How to Make a New Email ID
By Terrance Karter
Updated September 28, 2017
An email ID is also called your email address. It is what you use to log into you email account and is also the address where people can email you. Some email programs, like Outlook and Thunderbird, allow you to have more than one email ID, or user name, attached to a particular email address. Either way, you can create a new email ID quickly and easily. Many people have alternate email IDs for work and family, or for junk mail.
System Based Email Programs
Log into your system-based email, such as Outlook or Thunderbird.
Click on "Accounts" and then "Users." If your particular system-based email program allows you to create additional email IDs for the same email address, you will see an option that says "Add user" or "Create additional email ID." Click on this option.
Choose a user name, or enter a user name you already use. Enter a password. You must be the primary user of the email account to create additional IDs because you must verify that the ID can be used on your email. When you wish to create additional IDs, remember to log in as your original ID, or the first one that the Internet Service Provider created for you.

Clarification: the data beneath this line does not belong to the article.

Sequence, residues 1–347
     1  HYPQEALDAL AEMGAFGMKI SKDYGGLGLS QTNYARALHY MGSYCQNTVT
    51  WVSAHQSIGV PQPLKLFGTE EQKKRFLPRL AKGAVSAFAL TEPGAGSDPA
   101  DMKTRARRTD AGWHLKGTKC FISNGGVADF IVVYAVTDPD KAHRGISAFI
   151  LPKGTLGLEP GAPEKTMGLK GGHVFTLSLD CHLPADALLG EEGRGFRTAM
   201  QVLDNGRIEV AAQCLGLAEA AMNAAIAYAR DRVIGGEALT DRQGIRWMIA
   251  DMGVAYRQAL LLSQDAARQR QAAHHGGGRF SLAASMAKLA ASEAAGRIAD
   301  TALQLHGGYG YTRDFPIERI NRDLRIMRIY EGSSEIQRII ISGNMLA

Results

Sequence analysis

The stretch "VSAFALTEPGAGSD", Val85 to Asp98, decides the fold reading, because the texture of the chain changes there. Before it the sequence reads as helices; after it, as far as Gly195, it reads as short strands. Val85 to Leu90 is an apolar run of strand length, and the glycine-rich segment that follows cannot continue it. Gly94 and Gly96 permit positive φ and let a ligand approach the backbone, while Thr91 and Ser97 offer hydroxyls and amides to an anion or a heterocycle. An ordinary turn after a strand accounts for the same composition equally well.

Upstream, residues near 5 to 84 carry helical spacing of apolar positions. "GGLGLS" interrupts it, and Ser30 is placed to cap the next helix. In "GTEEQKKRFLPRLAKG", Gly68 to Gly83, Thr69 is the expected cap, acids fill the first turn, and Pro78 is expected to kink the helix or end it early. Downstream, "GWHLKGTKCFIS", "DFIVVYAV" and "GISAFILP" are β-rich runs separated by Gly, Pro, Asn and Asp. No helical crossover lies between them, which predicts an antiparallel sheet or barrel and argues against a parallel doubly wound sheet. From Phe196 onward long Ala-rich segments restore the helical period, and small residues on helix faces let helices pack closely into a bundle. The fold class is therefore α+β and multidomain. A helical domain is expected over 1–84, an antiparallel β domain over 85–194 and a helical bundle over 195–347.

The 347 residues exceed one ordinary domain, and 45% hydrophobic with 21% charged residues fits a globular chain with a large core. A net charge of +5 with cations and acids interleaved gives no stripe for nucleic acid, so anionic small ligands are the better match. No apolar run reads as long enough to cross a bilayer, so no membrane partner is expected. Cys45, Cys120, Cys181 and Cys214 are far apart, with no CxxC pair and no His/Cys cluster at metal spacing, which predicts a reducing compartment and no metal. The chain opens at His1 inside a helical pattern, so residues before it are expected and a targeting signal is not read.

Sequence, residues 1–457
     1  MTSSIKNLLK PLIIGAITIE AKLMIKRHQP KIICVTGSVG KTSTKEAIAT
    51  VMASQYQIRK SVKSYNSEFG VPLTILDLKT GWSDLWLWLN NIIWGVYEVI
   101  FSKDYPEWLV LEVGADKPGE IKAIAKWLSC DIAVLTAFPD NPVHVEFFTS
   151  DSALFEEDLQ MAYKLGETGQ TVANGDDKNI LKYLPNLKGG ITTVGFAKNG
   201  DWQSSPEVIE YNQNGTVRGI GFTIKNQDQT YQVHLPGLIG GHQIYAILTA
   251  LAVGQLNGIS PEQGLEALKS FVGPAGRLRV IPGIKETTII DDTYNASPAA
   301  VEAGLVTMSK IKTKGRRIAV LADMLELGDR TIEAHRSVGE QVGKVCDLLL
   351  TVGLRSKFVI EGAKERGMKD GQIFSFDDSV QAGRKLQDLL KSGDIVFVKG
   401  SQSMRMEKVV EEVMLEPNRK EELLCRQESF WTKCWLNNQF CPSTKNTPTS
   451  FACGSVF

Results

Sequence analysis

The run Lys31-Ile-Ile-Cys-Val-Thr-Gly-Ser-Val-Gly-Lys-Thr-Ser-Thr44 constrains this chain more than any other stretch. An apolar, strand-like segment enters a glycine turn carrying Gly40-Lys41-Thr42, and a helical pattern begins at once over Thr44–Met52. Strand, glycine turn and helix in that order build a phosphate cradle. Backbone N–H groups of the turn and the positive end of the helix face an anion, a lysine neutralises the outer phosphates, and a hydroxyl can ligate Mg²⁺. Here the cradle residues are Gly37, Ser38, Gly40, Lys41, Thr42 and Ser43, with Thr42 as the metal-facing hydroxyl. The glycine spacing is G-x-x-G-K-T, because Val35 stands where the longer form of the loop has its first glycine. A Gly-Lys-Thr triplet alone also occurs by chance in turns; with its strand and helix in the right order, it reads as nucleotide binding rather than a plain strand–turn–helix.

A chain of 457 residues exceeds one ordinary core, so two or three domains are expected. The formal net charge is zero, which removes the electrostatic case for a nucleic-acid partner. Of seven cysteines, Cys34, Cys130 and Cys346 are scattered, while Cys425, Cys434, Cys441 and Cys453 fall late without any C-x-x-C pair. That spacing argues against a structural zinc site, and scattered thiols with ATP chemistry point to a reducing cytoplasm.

Free Email Systems
Go to the homepage for the free email system you use but don't log in. Free email, like Yahoo or Gmail, does not allow you to have separate logins or IDs for each account. The only way to create additional free email IDs is to create another free email account from the same system.
Choose "Create Account" or "Sign Up" to begin to create another email ID.
Choose a user name, a display name,and enter your first and last name. For free emails, it is acceptable to use a pseudonym or a fake name for your additional email accounts. Many people use variations of their own names for additional IDs.
Enter additional information to complete the sign-up process. This information might include your address, a telephone number or your birth date. You have to fill in only the fields that are marked as required.
Terrance Karter has served as a reporter, reviewer and columnist for "The Exponent," as well as a contributor to the "Shelterbelt," both based in northeast South Dakota. Karter holds a Bachelor of Arts in history from Northern State University in South Dakota.